No-one has explained to the uninitiated what an SCA event is. Good ol'Google images reveals all ... something with a medieval theme I assume. Now I understand the reference to arrow heads. :rolleyes:

Share this post


Link to post
Share on other sites

My son just started making small pendants with Celtic rune symbols on them. An 1-1/4" x 3/4" x 1/8" thick or so piece of whatever kind of steel, slightly rounded top and bottom like a small dog tag. Hammer a rune symbol on it, punch a small hole at the top for a chain jump ring. Hammer marks or texture all around it. I'd think something like that might be popular at an SCA event. Make it from a piece of an old file and a quick heat treat, it can double as a fire striker.

Share this post


Link to post
Share on other sites

Aus, I'll be honest, I don't understand much of it at all. It's really interesting to me since I love Ren fairs and that time period stuff but in understanding it I'm sort of just peeking through a window. Just learning as I go. 

Thats a good idea John. I've made a few of those before. 

Share this post


Link to post
Share on other sites

What is a "celtic rune"?    There are norse runes, saxon runes, etc.  The irish had a linear writing form called Ogham but it wasn't runes. (My wife has told me that she was going to use the large scars on my belly and a surgical marker to inscribe Ogham messages on me before sending me off to a week long hot event...)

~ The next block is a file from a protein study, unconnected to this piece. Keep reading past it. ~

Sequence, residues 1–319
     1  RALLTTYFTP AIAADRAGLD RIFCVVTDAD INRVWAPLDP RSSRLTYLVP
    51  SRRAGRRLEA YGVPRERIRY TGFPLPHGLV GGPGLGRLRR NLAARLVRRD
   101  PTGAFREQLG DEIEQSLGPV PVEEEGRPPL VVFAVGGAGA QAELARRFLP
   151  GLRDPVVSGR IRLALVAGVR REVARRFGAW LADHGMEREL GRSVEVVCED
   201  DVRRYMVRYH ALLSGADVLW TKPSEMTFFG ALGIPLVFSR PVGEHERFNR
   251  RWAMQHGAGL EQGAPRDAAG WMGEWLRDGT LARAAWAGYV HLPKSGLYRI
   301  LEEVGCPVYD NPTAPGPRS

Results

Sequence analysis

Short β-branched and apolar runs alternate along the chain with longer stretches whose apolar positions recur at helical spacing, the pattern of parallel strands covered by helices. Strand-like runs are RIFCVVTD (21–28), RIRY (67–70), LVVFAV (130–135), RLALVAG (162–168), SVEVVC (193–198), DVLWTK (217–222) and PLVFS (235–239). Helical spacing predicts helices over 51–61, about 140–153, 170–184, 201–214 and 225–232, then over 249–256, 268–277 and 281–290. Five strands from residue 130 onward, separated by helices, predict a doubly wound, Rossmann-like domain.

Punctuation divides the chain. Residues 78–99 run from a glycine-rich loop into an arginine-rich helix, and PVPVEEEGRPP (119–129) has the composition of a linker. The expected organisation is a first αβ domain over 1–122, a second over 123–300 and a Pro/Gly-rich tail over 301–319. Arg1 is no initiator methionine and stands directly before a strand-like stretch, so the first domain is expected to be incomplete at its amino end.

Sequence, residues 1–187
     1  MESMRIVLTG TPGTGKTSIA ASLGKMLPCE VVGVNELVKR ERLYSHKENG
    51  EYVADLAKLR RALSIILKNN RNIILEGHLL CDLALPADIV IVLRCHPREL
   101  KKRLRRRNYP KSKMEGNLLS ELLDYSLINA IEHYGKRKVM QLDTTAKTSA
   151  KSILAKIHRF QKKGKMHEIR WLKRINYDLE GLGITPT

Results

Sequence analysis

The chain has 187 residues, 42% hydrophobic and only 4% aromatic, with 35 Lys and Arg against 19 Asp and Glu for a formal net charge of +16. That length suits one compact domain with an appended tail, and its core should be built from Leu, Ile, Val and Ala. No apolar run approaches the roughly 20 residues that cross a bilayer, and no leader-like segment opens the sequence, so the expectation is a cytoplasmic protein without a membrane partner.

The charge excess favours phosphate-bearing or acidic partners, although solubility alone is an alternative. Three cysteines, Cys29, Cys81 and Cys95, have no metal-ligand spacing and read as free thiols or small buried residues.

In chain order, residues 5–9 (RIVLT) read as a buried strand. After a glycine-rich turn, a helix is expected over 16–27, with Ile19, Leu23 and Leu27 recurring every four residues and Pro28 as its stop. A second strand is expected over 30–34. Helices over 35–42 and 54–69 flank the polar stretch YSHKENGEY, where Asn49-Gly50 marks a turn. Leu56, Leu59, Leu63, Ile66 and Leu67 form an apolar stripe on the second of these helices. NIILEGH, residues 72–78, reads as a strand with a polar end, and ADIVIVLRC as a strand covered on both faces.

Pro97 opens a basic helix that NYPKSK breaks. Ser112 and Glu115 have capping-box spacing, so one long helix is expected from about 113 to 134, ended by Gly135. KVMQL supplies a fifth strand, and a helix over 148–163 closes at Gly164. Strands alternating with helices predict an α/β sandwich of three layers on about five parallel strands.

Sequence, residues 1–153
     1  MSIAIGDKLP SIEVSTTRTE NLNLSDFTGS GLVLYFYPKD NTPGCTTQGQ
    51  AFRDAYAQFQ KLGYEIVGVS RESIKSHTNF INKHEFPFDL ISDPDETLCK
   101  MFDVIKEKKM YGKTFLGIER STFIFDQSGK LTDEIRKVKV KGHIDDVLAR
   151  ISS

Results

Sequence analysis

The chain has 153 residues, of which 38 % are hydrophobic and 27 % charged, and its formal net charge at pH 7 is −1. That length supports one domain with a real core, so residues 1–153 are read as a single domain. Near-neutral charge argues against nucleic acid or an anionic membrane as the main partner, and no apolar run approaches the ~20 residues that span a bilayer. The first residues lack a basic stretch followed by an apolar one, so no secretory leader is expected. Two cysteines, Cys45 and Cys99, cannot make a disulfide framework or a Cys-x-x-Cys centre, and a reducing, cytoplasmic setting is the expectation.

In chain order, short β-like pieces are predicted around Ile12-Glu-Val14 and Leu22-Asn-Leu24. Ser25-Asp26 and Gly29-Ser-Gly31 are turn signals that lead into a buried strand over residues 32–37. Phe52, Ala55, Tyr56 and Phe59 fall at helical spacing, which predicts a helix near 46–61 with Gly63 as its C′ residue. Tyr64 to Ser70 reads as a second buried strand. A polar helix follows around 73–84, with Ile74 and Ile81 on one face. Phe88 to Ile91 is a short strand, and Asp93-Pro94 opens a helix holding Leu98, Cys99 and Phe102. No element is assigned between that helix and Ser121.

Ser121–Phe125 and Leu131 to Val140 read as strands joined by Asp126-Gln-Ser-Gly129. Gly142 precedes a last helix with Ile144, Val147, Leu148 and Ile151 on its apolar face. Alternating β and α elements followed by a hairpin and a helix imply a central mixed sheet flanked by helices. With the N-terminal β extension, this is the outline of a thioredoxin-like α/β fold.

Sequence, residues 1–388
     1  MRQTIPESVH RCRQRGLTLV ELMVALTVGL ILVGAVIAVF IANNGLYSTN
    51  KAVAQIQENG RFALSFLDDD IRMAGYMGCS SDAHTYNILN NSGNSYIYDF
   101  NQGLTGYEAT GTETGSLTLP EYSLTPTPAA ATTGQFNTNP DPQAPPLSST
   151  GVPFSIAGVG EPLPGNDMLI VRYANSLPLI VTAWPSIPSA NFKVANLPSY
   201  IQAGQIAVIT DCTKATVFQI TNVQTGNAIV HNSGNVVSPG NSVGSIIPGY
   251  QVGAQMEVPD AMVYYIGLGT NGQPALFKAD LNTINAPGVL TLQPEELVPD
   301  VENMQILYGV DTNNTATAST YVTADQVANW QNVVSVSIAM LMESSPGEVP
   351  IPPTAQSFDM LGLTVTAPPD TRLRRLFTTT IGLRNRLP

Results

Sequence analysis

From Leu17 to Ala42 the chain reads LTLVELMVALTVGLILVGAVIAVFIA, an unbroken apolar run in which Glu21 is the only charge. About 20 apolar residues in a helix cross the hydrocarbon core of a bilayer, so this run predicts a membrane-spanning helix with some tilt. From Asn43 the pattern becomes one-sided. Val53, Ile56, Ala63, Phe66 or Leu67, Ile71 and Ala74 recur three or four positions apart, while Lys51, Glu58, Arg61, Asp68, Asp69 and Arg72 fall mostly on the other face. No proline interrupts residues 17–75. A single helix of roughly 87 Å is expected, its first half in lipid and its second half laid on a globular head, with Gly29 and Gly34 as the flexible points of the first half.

Share this post


Link to post
Share on other sites

The cleavage dragons are fun to watch being made. Tent pegs are easy, quick but a tad boring unless you have a nice design in mind. Sporks are fun too! As has been said strikers are easy, but mind the chit chat with high carbon in the fire ;)

Share this post


Link to post
Share on other sites

Writing Latin in the Elder Futhark?  Sounds like a proper punishment for certain school transgressions.  I have a friend who is a Catholic Priest and he talked of learning to do long division using roman numerals...

Share this post


Link to post
Share on other sites

Oh Thief, no sporks. I hate those things lol. 

As far as runes there is much on google but I'll stick to commissions unless I get the time to make any set of whatever. 

Share this post


Link to post
Share on other sites

What's a spork?? Had to refer to Google again. Should have recognised the combination of words. Duh! This site is a real learning curve.

Share this post


Link to post
Share on other sites

There are examples of Roman multitool knives that are an eating set.  The more modern ones were called hobo knives according to my 90+ year old grandfather who remembers them from the '30's.

I saw one of the Roman ones at the Deutsches Klingenmuseum in Solingen

Share this post


Link to post
Share on other sites

Join the conversation

You can post now and register later. If you have an account, sign in now to post with your account.

Guest
Reply to this topic...

×   Pasted as rich text.   Paste as plain text instead

  Only 75 emoji are allowed.

×   Your link has been automatically embedded.   Display as a link instead

×   Your previous content has been restored.   Clear editor

×   You cannot paste images directly. Upload or insert images from URL.

Sign in to follow this